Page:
Skip to content

Doing it for Dad

For little boys, dads are superheroes. They’re big and strong, know how to drive trucks, and can kill snakes with shovels. They teach their sons how to ride bikes, whistle with their fingers, and start camp fires. They laugh at fart jokes, even if mom rolls her eyes and sighs.   As a young boy, your dad is the promise of what you will become when you’re a man.

As little boys grow into teenagers and their hormones rage, they begin to think of themselves as the superheroes of the family. Dad is demoted to the hopelessly uncool guy whose entire existence is tailored to the production of maximum embarrassment for his son. When he mows the lawn in dress socks pulled to his knees, tells you how your mom was smokin’ hot in front of your friends, or blasts the Doobie Brothers with the windows rolled down, the teenage boy wishes (prays) that he could disappear into thin air.

But if all goes well, as a teenage boy becomes a man, he begins to realize once again that dads are heroes. Though they’re no longer as strong or as fast as their sons, they’re perpetually wiser.  It becomes obvious that a dad’s presence, guidance, and unflagging devotion to his son’s success is hugely responsible for who he becomes as a man.

I lost my dad, my hero, on May 24th. Suddenly, I find myself living a parallel life to the one I always imagined, one in which I would watch both my parents reach old age. Though I find solace in the fact that he’s at peace after such an agonizing year, I’d give anything to have him back, even for a day. Grief breeds regret, and I find myself wishing I’d asked him more about his life, told him more about mine, or simply spent more time with him when I had the chance.

My dad loved the Ordinary House. Its quirky charms fascinated him, and he was always anxious to come check out my latest project. He was particularly excited about the kitchen, and after his surgery made seeing the room’s completion one of his recovery goals. I still can’t process the fact that I’ll never again have the chance to share my handiwork with him. Dad was an engineer and a builder with exceedingly high standards for craftsmanship, and there are few thing in the world that made me happier than hearing his approval of my work. His praise instilled me with the confidence to take on ever more complex and demanding DIY projects, first on my starter house in Chapel Hill and now at the Ordinary House. I can state as fact that I would not be capable or confident enough to take on this project if it hadn’t been for him. I will honor the skills he nurtured in me by continuing to do every project in a way I know would have made him proud.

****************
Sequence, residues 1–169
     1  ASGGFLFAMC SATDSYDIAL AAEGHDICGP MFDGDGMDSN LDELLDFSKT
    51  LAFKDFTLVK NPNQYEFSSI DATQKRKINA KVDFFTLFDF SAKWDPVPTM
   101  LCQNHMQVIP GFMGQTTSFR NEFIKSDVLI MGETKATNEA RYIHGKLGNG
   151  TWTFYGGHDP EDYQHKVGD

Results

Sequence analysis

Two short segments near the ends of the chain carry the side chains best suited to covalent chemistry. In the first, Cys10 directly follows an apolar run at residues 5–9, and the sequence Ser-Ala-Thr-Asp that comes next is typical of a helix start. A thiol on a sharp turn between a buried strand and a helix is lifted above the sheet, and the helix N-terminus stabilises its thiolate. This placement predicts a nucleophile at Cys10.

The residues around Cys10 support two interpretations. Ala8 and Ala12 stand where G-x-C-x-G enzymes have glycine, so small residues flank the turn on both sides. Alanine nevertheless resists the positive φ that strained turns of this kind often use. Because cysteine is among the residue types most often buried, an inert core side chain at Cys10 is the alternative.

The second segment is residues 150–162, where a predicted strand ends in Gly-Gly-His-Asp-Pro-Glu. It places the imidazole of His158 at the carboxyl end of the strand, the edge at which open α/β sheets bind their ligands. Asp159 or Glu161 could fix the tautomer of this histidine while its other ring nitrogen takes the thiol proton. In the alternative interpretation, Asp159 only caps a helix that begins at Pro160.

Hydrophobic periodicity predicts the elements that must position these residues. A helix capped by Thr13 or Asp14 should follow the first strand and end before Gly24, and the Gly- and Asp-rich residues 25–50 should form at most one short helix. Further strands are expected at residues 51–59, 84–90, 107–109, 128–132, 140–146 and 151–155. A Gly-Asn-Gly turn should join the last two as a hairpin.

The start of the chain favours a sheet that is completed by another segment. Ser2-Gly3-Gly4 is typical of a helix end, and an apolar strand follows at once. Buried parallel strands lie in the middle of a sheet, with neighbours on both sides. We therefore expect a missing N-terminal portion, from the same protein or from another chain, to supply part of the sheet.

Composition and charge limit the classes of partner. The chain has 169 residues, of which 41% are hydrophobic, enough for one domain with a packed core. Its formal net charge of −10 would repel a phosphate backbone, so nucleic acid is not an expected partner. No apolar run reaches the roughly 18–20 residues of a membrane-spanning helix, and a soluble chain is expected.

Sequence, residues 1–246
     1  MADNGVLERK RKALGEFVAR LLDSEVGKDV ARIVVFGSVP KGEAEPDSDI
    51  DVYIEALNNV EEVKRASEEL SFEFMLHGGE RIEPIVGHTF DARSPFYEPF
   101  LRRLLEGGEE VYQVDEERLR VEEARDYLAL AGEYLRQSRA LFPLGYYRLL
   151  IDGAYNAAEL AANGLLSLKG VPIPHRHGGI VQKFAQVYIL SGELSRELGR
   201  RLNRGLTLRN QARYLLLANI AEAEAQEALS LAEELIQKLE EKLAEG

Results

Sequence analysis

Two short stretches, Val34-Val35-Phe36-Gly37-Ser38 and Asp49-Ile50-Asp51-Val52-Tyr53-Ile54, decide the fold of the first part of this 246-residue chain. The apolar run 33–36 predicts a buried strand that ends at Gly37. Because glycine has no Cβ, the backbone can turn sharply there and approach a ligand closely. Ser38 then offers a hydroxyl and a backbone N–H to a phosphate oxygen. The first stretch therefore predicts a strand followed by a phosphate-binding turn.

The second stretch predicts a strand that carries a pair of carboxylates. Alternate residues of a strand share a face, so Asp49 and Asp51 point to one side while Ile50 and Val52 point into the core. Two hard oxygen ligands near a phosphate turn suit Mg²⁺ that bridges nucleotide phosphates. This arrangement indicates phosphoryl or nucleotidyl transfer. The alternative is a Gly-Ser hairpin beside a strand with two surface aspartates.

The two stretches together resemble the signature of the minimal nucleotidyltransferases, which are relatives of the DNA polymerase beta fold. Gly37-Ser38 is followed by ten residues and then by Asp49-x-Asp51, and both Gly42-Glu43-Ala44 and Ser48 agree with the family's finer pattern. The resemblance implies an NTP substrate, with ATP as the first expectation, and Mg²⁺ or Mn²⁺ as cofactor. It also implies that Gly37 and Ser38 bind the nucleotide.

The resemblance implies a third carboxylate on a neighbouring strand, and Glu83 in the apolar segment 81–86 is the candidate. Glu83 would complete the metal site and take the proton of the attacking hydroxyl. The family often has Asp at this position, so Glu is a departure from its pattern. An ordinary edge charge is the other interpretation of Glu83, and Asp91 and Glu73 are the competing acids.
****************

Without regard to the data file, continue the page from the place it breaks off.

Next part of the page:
A few weeks before Dad died, he asked me to come get his “cancer car”, the Porsche Boxster that he bought in November as a distraction from his failing health. Though he couldn’t tell you the day or time, he was lucid enough to worry about the fact that his new toy wasn’t being driven. I had plans to visit my dad later on the day he died and I was going to tell him: “You better start feeling good soon, because I’m not giving the Porsche back until you beat me at an arm wrestling match.” That would’ve made him smile.

I like to think he knows I had this challenge in mind and that he’s out there somewhere with a grin on his face and a barbell in his hand, working his way back into superhero shape, ready to wrestle my fist to the table.

I love you, Dad. You were a great father, and I miss you terribly.

walking uphill


10 Comments Post a comment
  1. Reid, what a bitter/sweet day of rememberance this must have been for you. Am glad to know that your Dad did see the work that you have completed and continue to do. Obviously, he would have been “tickled” at the inspiration of time, patience and wisdom manifested and returned.

    June 15, 2014
  2. Mom #

    You made him proud every single day.

    June 15, 2014
  3. Elizabeth #

    This is beautifully written. I am so sorry about your dad. He was an awesome guy.

    June 16, 2014
  4. chris highley #

    *Awesome post.*

    June 16, 2014
  5. Anonymous #

    Reid, everything about this is wonderful..thank you for sharing this. Love you-Cyndee

    June 16, 2014
  6. Elvira #

    This was so beautiful, Reid. He is very missed.

    June 16, 2014
  7. Janet Lank #

    Beautifully written.

    June 16, 2014
  8. Megan #

    Reid, this is awesome…

    June 16, 2014
  9. Fran McCullough #

    I think this is the single best Father’s Day piece I’ve ever read. Thanks so much for sharing it.
    I can tell you that no one I know who’s lost a Dad ever thought they’d had enough time with him,
    or said what they meant to say, or felt it was completed in any way. That just seems to be the
    deal. It must be all the more difficult to deal with because he sounds like such a great guy –
    the Porsche story says so much!

    June 16, 2014
  10. Anonymous #

    Thanks, Reid, for sharing such heart-felt thoughts and memories. Your dad will live on in you. You were very blessed to have such an involved dad in your life.
    Blessings, Jeanne

    June 27, 2014


Fill in your details below or click an icon to log in: Logo

You are commenting using your account. Log Out /  Change )

Twitter picture

You are commenting using your Twitter account. Log Out /  Change )

Facebook photo

You are commenting using your Facebook account. Log Out /  Change )

Connecting to %s

%d bloggers like this: